TIP: Never laminate a paper collectible, whether it’s a document, photo, letter, press pass, cut autograph, or baseball card. Lamination is permanent and permanently decreases value.

On the block

Current prices are recorded from antiques shows, flea markets, sales and auctions throughout the United States. Prices vary in different locations because of local economic conditions.

Box, candle, mahogany, slide lid, two notches at front, lower drawer, dovetail construction, late 1800s, 6 by 11 inches, $65.

Silver plate, dresser box, mechanical, top handle, two doors, silk lining, lily of the valley, pierced scrolls, four-footed, quadruple plate, Victorian, $75.

Bottle, snuff, porcelain, figural, grasshopper, enamel, gilt, tiger’s eye cabochon stopper, four-character Qianlong mark, Chinese, 3½ inches, $140.

Mt. Washington, saltshaker, cockle shell shape, ivory to white, yellow and pink enameled flowers, 2½ inches, $165.

Sandwich glass, toy, flat iron, figural, amethyst, wheel molded, factory polished, circa 1860, 1¼ inches, $285.

Advertising, sign, Columbia Grafonolas and Records, yellow ground, cabinet model, black lettering, orange outline, dealer, Cole Camp, Missouri, lithographed tin, circa 1910, 14¼ by 21¼ inches, $510.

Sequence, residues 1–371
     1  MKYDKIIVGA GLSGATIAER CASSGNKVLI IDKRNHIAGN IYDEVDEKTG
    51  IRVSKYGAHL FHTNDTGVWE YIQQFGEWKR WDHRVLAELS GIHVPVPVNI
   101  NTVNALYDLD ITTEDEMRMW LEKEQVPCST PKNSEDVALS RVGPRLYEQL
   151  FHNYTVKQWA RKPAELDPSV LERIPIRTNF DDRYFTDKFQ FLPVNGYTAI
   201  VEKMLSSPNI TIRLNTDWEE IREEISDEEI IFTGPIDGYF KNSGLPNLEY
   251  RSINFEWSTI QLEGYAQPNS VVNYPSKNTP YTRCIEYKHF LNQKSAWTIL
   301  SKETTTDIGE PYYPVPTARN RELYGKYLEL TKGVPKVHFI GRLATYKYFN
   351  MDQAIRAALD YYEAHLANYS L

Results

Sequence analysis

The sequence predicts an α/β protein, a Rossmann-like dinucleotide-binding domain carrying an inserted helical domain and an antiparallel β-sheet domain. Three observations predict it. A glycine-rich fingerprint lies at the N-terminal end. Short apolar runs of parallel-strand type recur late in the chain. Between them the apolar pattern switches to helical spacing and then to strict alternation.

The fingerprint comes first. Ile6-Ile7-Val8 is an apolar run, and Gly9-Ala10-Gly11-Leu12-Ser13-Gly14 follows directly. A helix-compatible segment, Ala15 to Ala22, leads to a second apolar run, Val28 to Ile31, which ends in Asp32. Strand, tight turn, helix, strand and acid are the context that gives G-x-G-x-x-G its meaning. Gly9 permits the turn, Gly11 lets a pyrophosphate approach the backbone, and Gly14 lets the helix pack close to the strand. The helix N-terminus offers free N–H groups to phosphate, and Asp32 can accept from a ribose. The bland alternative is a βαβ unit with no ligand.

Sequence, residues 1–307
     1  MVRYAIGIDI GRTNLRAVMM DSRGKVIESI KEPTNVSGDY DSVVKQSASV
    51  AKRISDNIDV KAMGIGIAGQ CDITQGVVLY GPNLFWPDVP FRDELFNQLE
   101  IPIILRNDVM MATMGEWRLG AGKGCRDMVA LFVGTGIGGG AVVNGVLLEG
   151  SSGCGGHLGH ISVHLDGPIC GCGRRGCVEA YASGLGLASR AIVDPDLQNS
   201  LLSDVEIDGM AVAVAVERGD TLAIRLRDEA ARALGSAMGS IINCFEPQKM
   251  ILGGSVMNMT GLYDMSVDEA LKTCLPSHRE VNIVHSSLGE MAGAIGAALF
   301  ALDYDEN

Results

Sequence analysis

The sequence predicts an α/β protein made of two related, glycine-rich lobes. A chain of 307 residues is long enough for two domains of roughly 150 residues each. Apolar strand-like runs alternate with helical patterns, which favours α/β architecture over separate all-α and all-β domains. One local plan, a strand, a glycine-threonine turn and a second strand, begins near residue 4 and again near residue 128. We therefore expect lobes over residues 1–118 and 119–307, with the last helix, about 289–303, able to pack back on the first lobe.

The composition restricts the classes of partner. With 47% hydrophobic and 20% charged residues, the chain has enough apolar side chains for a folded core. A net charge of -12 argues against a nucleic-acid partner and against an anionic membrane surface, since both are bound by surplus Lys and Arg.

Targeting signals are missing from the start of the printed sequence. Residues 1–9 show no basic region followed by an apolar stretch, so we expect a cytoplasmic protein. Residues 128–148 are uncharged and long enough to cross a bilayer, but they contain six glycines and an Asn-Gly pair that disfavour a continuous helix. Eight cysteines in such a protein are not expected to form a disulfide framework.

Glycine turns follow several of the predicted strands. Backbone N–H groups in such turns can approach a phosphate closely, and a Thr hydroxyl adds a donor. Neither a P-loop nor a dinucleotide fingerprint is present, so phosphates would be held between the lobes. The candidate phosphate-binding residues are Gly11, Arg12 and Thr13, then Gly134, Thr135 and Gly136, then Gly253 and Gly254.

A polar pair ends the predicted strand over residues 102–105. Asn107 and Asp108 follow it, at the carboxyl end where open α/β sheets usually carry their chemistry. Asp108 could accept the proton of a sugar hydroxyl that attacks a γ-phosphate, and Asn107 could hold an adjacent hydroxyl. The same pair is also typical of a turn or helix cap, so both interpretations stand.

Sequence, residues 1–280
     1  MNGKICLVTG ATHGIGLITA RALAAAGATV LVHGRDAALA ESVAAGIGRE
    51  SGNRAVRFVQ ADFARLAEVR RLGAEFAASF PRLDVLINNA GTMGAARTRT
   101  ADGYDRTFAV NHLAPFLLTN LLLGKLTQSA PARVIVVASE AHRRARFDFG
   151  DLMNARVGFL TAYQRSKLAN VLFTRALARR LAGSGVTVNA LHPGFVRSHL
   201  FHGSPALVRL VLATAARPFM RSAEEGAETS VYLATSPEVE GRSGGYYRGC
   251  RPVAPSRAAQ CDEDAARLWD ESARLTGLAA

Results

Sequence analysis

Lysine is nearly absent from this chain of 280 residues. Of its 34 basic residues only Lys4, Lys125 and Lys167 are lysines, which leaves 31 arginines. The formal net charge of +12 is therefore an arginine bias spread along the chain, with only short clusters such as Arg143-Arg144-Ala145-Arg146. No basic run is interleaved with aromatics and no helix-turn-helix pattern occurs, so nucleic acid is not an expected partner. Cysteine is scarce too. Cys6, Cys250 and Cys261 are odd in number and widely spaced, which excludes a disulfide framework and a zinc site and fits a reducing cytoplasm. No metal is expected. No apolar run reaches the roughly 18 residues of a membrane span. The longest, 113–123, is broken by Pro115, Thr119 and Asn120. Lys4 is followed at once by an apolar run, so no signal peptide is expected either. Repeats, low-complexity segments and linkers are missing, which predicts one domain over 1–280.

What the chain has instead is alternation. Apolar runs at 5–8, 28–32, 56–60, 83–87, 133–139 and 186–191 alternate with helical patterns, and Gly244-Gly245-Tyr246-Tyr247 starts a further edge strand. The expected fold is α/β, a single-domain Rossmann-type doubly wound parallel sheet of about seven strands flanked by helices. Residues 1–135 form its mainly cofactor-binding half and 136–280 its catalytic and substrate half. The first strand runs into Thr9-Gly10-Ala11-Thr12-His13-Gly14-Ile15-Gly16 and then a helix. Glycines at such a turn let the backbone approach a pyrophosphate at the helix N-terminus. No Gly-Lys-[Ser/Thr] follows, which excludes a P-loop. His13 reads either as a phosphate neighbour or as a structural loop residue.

Watch, Royce, lapel, figural, grandfather clock shape, garnet pendulum, decorative weights, rubies, diamond, square dial, 14K gold, women’s, 2½ by 1¼ inches, $705.

Lamp, chandelier, 18-light, gilt bronze, tulip-shaped cups, bobeches, leafy scrolled arms, acanthus center, electrified, France, early 1900s, 30 by 30 inches, $960.

Furniture, table, Victorian, cherry, carved, two side panels, North Wind face, rope twist carved legs, lower shelf, ball and claw feet, casters, late 1800s, 32 by 46 by 29½ inches, $1,000.

Rug, Grenfell, pictorial, three Canada geese, flying, pine trees, shaded orange ground, label, circa 1925, 26½ by 40 inches, $1,375.